Federal Support: The federal Second Chance Act of 2007 provides grants to states, local governments and community-based organizations to support the development of innovative, evidence-based reentry programs. An interim report and program snapshots were recently released that provides evaluation results from 10 grantees that received funding in 2009. The programs evaluated target adults returning to the community after incarceration and provide services such as education and employment training and assistance. The final report is due in 2015. Read the interim report
The Second Chance Reauthorization Act of 2013 (S. 1690, H.R. 3465) was introduced in November 2013. The legislation would expand the number of grant programs available and places greater focus on data collection and tracking outcomes, such as recidivism rates of offenders who participate in reentry programs.
Read the Senate bill
Read the House bill
The American Bar Association has developed a "collateral consequences" database. The searchable database contains state laws that impose sanctions or restrictions as a result of a criminal conviction, including employment and professional and business licenses. Visit the database
A new NCSL report provides an overview of FY 2013 and 2014 state spending, including corrections budgets.
State fiscal conditions continued to improve in fiscal year 2013, according to NCSL’s "State Budget Actions FY 2013 and FY 2014" report. Corrections spending which accounts for just over 5 percent of state general fund budgets, had essentially flat growth in FY 2013 and is budgeted to grow by 2.5 percent in FY 2014.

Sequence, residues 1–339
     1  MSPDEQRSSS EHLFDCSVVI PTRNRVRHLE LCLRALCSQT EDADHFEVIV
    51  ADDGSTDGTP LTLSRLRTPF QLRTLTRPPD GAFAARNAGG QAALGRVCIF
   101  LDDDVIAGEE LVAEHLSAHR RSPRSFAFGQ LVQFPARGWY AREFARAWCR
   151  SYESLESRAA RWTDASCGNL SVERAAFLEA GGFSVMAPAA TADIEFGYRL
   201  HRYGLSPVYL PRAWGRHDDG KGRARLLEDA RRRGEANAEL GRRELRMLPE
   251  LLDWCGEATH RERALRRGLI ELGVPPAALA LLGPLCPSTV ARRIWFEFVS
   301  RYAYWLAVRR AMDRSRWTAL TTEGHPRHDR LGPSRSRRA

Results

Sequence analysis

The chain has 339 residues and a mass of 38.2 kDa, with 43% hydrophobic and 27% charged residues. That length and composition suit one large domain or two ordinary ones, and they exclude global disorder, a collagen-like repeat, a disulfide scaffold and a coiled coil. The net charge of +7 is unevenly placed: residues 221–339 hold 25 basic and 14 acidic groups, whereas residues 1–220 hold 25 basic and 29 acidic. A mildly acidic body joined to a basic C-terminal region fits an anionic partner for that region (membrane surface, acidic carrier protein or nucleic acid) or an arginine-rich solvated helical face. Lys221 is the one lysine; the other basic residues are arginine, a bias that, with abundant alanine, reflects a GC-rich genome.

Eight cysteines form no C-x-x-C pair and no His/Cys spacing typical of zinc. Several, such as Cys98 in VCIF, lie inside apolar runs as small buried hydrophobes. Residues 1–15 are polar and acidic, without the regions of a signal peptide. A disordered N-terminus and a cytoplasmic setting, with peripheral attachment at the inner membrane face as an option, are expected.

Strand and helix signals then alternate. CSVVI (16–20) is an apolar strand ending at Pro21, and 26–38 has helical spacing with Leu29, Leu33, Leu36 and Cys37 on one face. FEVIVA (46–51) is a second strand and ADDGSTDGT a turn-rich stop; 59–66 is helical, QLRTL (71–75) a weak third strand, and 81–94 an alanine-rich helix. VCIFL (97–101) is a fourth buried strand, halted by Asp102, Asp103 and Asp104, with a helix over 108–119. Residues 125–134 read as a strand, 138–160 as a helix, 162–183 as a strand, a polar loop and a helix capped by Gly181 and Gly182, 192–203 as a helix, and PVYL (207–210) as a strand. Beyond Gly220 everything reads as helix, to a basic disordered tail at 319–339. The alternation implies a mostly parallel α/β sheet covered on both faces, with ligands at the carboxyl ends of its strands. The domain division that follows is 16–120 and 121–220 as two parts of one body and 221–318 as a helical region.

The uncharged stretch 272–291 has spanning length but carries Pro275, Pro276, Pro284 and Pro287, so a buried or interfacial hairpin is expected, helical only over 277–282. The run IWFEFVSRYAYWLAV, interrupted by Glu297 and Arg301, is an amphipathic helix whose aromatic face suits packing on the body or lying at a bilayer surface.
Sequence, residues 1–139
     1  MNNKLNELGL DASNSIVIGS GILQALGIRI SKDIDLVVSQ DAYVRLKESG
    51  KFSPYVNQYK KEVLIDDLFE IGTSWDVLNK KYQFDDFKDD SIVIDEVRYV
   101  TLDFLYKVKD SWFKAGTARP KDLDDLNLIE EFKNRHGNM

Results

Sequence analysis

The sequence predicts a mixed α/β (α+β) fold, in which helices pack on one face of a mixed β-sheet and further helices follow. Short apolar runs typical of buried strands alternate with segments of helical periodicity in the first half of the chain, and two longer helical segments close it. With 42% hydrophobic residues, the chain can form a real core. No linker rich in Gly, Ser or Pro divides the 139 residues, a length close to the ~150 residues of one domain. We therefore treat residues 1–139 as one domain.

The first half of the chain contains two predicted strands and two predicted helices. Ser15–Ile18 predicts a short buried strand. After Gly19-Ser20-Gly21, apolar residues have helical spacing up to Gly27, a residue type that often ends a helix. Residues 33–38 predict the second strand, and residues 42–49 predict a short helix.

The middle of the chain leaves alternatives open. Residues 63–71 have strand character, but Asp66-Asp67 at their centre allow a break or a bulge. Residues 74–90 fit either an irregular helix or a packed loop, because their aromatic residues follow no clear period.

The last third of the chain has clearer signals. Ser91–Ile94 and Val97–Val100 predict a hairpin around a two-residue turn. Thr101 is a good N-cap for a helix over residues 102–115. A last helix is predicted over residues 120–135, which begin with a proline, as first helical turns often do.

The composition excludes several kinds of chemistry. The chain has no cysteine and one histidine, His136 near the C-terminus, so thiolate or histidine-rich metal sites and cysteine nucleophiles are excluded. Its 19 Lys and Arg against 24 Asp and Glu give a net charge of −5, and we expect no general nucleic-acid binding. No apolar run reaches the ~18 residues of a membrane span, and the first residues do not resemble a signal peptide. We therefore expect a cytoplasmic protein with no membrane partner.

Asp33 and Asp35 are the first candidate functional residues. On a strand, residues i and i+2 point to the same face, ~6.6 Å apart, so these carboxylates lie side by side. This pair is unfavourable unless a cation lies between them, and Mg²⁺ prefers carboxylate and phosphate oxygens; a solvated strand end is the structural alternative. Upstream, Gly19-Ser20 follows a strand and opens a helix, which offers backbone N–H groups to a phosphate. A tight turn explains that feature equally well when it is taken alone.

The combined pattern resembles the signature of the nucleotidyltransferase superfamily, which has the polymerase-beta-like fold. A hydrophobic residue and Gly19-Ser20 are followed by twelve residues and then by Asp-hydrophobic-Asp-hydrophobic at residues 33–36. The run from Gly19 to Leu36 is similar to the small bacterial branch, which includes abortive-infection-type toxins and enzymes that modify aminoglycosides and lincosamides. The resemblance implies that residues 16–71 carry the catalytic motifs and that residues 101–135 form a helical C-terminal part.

Read NCSL's budget report
Forty-one states, the District of Columbia and Puerto Rico expect to spend more in total state funds for corrections in FY 2014 than they spent last year. Four states—Connecticut, Maine, Nebraska, and North Dakota—and Puerto Rico increased total state support for corrections by 5 percent or more. Maine reported the largest increase (12.8 percent). However, officials noted that the growth rate does not include any salary and benefits savings.
Eight states—Indiana, Louisiana, Mississippi, Nevada, New Mexico, Rhode Island, Virginia, and Wyoming—reported a drop. In four of those states, the budgeted decrease is less than 2 percent. Wyoming reported the largest decrease at -7.9 percent, due in part to 2013 session reductions enacted by the Legislature. Growth in New Jersey is essentially flat.
Other FY 2014 developments in total state funding for corrections include: